October 17, 2022 -- Baylor College of Medicine researchers discovered that the rheumatoid arthritis drug auranofin can potentially be repurposed to improve diabetes-associated symptoms in mice.
Their study, published October 14 in the journal Cell Metabolism, indicated that auranofin has anti-inflammatory and antidiabetic effects that are independent of each other.
High blood glucose levels are detrimental to many of the body's tissues. Uncontrolled diabetes can lead to organ failure, and insulin resistance is a risk factor for diabetes. Although associations have been established between white adipose tissue inflammation and insulin resistance in humans and rodents, broad anti-inflammatory treatments for diabetes have not shown lasting effectiveness.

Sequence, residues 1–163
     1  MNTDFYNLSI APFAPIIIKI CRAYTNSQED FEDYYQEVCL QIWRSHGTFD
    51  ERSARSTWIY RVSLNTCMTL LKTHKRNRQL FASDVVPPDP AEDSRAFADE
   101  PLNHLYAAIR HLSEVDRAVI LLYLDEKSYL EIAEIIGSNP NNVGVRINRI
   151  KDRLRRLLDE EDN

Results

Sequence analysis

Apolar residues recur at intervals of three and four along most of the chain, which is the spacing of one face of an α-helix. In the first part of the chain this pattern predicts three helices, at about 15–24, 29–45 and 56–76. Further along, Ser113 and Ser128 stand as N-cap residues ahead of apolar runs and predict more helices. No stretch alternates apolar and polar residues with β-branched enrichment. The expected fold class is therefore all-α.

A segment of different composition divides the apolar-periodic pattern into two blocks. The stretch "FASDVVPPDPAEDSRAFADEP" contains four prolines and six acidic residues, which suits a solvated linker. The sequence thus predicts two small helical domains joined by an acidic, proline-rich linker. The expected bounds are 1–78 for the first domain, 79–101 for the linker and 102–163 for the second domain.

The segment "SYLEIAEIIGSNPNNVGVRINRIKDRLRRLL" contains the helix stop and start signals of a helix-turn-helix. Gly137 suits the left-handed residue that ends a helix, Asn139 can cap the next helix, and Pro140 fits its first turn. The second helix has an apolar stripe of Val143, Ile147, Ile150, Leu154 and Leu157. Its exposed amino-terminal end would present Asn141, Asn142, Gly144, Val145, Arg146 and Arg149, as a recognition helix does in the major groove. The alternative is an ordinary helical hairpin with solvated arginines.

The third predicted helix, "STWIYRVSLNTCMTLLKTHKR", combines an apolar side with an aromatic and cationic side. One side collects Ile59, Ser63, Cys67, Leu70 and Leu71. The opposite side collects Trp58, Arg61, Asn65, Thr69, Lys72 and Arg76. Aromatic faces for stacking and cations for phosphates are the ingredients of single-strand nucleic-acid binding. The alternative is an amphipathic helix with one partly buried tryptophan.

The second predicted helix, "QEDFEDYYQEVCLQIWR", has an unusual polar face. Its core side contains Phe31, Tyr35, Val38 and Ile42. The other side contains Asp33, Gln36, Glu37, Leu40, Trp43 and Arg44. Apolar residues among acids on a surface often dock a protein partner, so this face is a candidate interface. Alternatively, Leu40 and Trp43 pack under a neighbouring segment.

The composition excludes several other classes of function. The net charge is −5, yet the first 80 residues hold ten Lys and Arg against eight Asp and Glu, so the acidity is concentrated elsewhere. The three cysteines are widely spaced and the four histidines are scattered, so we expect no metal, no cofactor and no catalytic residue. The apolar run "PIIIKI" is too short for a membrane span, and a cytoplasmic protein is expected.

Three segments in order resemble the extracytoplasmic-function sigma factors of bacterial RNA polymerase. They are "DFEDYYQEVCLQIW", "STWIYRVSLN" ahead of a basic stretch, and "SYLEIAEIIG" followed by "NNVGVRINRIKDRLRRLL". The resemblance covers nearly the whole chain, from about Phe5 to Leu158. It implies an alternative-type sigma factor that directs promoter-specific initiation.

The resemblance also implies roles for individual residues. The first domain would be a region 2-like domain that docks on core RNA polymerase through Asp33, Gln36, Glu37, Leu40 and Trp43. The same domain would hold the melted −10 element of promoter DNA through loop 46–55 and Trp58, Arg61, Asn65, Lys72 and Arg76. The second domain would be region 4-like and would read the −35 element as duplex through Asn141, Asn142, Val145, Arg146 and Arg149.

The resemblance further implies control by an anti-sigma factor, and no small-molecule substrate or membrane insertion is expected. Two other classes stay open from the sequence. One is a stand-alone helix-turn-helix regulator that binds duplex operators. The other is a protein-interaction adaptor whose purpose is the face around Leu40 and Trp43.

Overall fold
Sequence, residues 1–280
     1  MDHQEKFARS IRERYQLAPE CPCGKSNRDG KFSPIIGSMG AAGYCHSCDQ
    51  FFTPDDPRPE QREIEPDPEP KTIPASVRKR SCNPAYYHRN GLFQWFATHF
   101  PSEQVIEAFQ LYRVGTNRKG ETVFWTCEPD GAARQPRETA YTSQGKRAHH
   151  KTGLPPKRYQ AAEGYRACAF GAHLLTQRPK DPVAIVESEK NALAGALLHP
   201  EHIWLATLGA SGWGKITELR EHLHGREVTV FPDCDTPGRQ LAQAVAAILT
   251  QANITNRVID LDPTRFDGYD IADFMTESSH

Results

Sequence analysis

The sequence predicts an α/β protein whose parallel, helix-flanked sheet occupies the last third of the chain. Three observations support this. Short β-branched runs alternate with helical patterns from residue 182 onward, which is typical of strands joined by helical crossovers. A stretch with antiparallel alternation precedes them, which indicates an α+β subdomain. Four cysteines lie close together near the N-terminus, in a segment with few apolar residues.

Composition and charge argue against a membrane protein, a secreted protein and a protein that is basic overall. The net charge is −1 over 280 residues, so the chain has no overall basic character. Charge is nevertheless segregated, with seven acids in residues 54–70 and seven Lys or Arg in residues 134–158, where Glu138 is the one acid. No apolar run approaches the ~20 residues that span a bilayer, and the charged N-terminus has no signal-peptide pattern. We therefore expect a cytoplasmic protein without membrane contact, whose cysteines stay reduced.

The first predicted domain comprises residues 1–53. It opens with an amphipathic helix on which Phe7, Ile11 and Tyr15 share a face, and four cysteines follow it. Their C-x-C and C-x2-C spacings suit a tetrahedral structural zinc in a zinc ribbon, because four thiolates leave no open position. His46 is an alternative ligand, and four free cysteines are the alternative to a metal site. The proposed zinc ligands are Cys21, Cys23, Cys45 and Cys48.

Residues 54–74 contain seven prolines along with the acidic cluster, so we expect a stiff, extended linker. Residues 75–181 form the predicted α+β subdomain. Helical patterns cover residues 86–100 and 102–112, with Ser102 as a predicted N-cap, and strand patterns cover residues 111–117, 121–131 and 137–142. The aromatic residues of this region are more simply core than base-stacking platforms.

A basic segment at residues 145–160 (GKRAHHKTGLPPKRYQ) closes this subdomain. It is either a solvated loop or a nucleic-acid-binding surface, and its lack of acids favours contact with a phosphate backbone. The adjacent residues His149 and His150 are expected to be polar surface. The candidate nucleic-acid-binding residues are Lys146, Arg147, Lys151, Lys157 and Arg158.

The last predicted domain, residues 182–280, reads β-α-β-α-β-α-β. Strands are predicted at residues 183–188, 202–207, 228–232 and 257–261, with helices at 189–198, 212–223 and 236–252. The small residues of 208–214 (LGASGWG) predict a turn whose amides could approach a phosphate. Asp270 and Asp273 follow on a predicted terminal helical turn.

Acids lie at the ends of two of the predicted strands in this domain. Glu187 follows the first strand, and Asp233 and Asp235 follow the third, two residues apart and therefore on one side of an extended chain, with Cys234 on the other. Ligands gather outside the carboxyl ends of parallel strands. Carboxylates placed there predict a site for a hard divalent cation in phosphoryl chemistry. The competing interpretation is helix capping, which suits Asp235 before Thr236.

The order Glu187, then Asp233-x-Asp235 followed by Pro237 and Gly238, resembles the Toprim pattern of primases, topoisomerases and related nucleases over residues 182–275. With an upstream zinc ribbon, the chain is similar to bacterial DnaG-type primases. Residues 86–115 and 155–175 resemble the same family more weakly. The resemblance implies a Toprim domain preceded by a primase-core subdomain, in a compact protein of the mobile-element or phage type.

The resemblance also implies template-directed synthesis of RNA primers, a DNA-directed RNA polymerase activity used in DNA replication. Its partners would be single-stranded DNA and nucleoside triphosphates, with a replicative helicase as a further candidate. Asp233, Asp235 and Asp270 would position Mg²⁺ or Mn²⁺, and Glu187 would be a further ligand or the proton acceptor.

In seeking existing drugs to repurpose, computational screening of a small-molecule dataset helped the researchers to identify auranofin. They hypothesized that auranofin's anti-inflammatory properties might help control obesity and diabetes.
The researchers evaluated the metabolic effects of auranofin in mice with diabetes fed a high-fat diet. They discovered that auranofin reduced levels of the hormone leptin, which increases markedly with obesity, contributing to diabetes.
Auranofin also restored white adipose tissue's ability to respond to catecholamines -- signals that increase metabolic activity by triggering the burning of lipids at a higher rate. Further, auranofin normalized hyperinsulinemia, or high blood insulin levels, in the mice.
"These changes coupled together contribute to the overall improvement in insulin sensitivity of the mice, leading to blood glucose control, which is the ultimate goal of diabetes treatments," said first author Dr. Aaron Cox of Baylor.